Posts Tagged ‘Nokia Lumia’

Finnish manufacturer Nokia today entered two new segments, unveiling its first tablet and phablets. The new products, showcased at an event in Abu Dhabi, will help the company make its presence felt in the two booming markets.

Nokia Lumia 2520 is a Windows RT-based tablet with a 10-inch 1080p HD display with Gorilla Glass 2 protection. It has a 6.7MP rear camera with Zeiss lens and 2MP front unit. It runs on the 2.2GHz quad-core Qualcomm Snapdragon 800 processor and has 2GB RAM and 32GB internal storage; it also supports microSD cards up to 32GB.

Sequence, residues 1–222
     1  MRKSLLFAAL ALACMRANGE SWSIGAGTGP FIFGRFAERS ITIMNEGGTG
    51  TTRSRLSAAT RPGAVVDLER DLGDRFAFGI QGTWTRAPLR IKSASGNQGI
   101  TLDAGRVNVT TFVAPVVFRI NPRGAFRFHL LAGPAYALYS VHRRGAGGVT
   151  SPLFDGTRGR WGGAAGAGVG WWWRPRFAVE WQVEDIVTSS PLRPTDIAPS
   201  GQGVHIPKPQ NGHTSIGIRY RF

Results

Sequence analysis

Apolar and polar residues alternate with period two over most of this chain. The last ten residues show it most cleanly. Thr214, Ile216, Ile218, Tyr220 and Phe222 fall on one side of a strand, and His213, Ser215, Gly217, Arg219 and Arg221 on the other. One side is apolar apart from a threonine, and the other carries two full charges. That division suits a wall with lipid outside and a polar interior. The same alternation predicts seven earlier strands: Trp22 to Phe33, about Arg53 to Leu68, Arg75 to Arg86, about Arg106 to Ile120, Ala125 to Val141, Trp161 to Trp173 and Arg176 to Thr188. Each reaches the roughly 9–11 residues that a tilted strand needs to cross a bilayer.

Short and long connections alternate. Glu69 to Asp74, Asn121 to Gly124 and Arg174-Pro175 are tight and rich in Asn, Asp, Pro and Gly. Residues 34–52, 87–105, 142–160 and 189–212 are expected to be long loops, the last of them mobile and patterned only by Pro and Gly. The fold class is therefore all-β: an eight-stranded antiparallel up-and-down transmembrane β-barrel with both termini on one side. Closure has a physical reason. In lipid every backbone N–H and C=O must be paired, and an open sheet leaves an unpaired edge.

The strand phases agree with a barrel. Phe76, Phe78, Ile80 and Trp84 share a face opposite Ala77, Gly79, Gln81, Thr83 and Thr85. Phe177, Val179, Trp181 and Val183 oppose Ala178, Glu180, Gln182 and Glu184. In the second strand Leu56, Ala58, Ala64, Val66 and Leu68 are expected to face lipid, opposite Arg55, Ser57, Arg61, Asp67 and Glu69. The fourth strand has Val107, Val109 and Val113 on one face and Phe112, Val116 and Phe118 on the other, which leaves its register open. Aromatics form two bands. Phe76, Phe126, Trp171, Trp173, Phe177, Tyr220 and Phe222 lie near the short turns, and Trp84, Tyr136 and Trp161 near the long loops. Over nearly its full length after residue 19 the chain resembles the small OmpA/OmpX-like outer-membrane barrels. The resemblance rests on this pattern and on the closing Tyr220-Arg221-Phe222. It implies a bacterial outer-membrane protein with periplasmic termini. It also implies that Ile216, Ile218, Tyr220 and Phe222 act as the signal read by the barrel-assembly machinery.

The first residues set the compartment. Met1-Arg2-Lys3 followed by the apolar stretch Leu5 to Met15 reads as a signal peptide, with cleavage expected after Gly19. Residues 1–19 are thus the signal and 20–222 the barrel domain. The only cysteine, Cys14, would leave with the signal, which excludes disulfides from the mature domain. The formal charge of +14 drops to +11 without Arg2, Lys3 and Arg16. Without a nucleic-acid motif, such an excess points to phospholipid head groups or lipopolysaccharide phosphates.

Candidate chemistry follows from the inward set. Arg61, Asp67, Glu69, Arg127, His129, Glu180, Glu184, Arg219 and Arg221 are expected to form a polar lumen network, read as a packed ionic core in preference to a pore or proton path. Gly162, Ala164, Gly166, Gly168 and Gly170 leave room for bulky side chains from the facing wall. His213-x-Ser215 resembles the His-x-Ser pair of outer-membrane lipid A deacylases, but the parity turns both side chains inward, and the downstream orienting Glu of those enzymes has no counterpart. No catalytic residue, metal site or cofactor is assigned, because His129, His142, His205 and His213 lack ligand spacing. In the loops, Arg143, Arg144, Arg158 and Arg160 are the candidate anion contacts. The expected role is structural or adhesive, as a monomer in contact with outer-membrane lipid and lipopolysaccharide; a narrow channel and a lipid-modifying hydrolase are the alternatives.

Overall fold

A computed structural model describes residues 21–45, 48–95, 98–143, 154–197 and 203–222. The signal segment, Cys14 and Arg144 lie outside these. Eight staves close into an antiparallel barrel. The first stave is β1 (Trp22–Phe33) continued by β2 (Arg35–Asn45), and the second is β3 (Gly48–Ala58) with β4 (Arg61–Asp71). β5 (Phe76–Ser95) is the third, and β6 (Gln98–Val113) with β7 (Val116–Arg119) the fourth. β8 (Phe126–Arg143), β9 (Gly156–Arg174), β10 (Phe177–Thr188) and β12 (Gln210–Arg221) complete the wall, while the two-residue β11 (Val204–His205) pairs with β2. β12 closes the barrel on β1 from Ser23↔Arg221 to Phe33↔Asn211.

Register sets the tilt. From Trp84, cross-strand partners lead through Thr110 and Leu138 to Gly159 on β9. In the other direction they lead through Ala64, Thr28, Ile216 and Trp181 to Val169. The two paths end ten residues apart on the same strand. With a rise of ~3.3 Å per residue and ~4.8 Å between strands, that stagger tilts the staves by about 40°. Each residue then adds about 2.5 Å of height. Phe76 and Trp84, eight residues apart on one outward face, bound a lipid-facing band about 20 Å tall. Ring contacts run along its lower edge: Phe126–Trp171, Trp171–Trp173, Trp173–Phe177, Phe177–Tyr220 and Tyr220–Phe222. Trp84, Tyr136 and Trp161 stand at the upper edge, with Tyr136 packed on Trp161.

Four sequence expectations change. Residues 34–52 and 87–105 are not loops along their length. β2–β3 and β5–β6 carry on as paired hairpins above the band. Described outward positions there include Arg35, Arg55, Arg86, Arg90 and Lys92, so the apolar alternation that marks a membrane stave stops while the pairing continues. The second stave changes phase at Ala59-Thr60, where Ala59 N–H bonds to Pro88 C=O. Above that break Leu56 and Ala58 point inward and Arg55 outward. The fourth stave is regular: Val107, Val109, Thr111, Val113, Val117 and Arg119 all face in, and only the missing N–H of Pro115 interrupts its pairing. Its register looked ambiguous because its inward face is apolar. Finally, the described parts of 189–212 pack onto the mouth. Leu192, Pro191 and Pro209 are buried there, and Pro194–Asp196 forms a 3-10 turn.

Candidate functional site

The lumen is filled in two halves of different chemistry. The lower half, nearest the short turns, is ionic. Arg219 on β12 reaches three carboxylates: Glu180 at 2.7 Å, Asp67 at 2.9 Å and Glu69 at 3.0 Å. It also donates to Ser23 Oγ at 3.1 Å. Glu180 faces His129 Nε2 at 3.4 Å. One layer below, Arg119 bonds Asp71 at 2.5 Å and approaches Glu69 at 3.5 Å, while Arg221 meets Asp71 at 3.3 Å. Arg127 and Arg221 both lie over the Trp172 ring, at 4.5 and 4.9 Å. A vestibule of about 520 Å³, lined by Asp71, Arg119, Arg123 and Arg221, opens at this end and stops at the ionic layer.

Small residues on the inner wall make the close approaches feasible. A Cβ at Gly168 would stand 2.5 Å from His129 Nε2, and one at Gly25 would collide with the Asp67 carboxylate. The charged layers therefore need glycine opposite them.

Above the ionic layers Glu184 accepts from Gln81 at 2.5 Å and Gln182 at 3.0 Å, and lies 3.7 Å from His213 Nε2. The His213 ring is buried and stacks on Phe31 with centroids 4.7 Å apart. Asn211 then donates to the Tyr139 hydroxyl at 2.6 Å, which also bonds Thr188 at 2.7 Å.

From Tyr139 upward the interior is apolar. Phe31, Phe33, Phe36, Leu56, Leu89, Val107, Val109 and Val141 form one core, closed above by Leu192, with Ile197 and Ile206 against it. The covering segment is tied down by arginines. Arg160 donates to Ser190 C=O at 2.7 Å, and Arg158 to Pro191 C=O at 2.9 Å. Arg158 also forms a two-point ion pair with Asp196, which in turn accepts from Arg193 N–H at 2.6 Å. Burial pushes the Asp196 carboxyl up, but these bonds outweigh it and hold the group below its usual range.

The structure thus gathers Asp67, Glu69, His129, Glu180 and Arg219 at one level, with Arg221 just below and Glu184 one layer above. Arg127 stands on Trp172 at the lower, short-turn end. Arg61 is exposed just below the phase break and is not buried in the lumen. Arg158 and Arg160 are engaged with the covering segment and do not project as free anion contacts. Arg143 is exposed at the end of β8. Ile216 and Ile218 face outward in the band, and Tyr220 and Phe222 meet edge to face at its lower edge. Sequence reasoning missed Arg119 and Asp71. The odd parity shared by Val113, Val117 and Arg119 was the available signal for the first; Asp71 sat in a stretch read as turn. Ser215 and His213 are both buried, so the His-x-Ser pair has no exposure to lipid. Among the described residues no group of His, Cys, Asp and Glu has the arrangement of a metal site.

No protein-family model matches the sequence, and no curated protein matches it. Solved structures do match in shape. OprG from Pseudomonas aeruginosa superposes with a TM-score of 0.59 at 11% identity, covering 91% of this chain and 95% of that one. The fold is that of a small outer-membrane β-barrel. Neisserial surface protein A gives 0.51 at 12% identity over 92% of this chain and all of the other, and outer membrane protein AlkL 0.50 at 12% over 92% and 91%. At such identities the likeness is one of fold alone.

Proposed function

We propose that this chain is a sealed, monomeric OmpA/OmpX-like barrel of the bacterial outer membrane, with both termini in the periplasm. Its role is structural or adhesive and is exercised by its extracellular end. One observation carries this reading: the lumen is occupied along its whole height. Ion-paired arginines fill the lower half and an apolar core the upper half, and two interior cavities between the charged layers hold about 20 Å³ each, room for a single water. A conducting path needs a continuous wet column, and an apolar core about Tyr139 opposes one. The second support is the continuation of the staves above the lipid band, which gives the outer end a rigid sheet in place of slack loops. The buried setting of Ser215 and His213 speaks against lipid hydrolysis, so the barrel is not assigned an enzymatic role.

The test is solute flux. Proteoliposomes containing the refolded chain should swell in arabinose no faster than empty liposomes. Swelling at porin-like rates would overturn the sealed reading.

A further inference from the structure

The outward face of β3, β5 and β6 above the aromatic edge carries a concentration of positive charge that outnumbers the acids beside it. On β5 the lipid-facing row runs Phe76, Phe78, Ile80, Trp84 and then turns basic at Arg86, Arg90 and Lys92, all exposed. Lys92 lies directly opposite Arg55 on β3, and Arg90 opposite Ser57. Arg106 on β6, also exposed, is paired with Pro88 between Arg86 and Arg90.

Other key features of the device include 4G LTE connectivity, 8,000mAh battery and free SkyDrive storage. It comes preloaded with free appsNokia’s Storyteller and Video Director as well Microsoft Office. The tablet will come in red, white, cyan and black colours. Similar to Microsoft Surface, Lumia 2520 pairs with a Nokia Power Keyboard. The keyboard with a touchpad also contains an extra battery for up to five hours extra use, plus two USB ports.

The Windows RT 8.1 device priced at $499 will ship later this year. The tablet will first launch in the US, UK, and Finland, followed by other countries shortly after.

Nokia Lumia 1520 and Lumia 1320 are its first phablets, with screens measuring 6-inch. Both devices run on Microsoft Windows Phone 8 operating system with the recently unveiled GDR3 update. Lumia 1520 has been priced at $749, while Lumia 1320 will cost $339, excluding taxes.